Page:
And that's it.  As always, I had intentions of getting more done but with my new found lack of employment all my local friends have been asking me to help them with various projects.  Looking for my next big career also takes a fair bit of time out of my schedule.  The weather has also been iffy.  On that note, I think a winter cover is moving up the priority list.  I really want to finish the interior panels so I can spend the winter making storage bins around the  galley area.  That could happen over a weekend plus a few days of varnishing.

It is always good to have a plan.

Until next time, keep the dirty side down.  ;-)

Sunday, September 16, 2012

Dimensionally challenged

I think that is it.  I am dimensionally challenged. 

I am starting to settle into the new lack of work routine and carving out some time for the boat amidst my job searching.  Most of my time has been spent fiddling with the stove top frame.  It has proven more time consuming that I imagined.  What a surprise...

Oops, that doesn't quite fit.  Oops, that piece is going to interfere there, Oops, if I set that screw there I will have no room for that other screw there... You know the drill.  Despite my incompetance, the project has been moving forward.

Just before I found out I had no job and no money I had ordered a pocket hole jig made by Kreg.  It is really nice.  I don't think the strength of the angled screw joints are as strong as the advertising suggests but they are adequate for the application and dead simple to do well.

 To use the jig, you simply clamp  one piece of wood into the blue jig thing in one quick motion. Then you drill down the alignment holes using the special step drill until the depth collar bottoms out. There is a little gauge on the side of the blue clampy thing that sets up the collar to the correct position.  Then you screw the pieces together permamently.

I am a little proud of myself for inventing another jig that probably everyone else in the world already knows about.

My 'invention' is just a piece of scrap plywood with two pieces of wood screwed in at a precise 90 degree angle.  To make nice square corner joints you simply butt the pieces together and against the wood guides, clamp then down if you want, and screw then together. Perfect 90 angle every time.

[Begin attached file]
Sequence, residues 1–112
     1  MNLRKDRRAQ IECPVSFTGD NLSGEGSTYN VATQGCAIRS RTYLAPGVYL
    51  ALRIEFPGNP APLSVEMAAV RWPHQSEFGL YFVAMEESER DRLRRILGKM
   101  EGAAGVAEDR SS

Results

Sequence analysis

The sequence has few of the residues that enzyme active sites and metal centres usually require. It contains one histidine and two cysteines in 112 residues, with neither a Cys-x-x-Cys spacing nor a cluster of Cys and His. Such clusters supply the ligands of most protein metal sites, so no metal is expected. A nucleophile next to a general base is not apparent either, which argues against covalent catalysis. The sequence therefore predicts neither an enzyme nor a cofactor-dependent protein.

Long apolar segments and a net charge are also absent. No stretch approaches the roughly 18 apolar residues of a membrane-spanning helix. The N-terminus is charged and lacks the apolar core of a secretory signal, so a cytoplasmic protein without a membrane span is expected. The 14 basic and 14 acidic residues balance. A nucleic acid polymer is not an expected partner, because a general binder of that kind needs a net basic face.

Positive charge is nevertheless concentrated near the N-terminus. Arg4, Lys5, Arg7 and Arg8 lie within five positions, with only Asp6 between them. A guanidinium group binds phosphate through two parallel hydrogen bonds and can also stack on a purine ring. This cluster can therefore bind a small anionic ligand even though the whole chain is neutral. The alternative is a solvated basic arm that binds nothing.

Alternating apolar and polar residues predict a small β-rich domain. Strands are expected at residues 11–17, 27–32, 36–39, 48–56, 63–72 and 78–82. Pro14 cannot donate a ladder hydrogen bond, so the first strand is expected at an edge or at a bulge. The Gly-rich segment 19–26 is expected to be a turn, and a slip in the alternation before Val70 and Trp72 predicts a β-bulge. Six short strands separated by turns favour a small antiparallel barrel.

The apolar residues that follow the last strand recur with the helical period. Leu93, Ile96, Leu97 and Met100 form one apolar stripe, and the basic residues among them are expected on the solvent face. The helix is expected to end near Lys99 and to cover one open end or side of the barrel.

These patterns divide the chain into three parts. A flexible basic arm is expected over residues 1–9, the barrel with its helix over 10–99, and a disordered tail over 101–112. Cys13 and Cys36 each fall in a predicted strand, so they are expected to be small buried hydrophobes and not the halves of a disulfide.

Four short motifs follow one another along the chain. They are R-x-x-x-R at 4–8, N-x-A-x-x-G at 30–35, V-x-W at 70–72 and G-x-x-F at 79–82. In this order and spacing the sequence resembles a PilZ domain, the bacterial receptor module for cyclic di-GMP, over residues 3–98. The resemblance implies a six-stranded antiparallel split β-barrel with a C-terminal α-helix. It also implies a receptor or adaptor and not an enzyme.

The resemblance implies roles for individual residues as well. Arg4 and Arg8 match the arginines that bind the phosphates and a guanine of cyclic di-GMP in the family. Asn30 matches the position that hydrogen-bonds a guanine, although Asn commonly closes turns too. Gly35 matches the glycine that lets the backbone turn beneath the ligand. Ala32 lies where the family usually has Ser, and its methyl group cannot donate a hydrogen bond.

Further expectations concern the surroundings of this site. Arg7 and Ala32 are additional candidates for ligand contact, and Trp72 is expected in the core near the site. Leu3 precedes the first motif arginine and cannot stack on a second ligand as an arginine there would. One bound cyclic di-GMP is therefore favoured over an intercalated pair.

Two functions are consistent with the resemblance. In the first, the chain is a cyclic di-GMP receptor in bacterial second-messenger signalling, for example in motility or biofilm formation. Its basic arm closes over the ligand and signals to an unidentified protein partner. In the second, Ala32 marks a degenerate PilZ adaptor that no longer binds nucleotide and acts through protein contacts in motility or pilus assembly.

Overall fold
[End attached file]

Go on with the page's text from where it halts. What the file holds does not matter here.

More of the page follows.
When you are done the joints look like this.  Pegs or mortise in tenon would obviously be stronger but for quick and easy this method seems to work just fine. 

At this point, the stove top frame looks like this in the boat.

The back edge will be bolted to the plywood panel behind.  The inside face against the removable steps will have a recessed piece of cherry plywood to fill in the hole.  There is a small gap on the outboard edge that I am going to leave for now and let the boat tell me how to fill it in. I am still building in storage and that little detail is up in the air.  The front legs will be screwed in as well. 

One issue I ran into was that the frame sits too far forward and interferes with the cabinet door on the settee back.  It just can't be helped. I am either going to modify that door or secure it and leave it as a fake door with a top opening or something.  To be determined...  I can't make the frame any smaller because the stove top just barely fits in as it is. I guess I measured the stove top and figured it would fit forgetting that the frame takes up some space too.  I did mention I was dimensionally challenged didn't I ?

At this point, the frame needs some sanding, maybe some finish work, the inside panel cut and be secured in place.  The last detail will be the connection to the gas line.  There is a notch on the back inside edge of the frame for the fitting, one of those 'oop's moments, and I am not 100% sure there will be room for a for a fitting to connect the gas line.  One way or the other I will make it work but the final solution isn't quite there yet. 

Other than that, I have been pretty much taking inventory of what needs to happen and setting up in my new surroundings.  There are oak trees behind the boat and they have already started shedding leaves and plugging up my cockpit drain scuppers.  I will have to cover the boat soon so that I can free myself from that annoyance.  I have created a list that keeps growing but the details are boring and I never seem to do all that I intend anyway so there isn't much point in listing it all here.  Its all subject to change.

And that is it.  I have had a few curve balls thrown at me and the project has faltered a bit but progress keeps happening which is good.  I am getting pretty close to a working stove and draining sink.  Water pumps and faucets aren't far behind.  The weather is good and I have more free time than I expected.  Pretty good deal I would say.

Em tasol wantoks ;-)

Tuesday, September 4, 2012

Lost and Found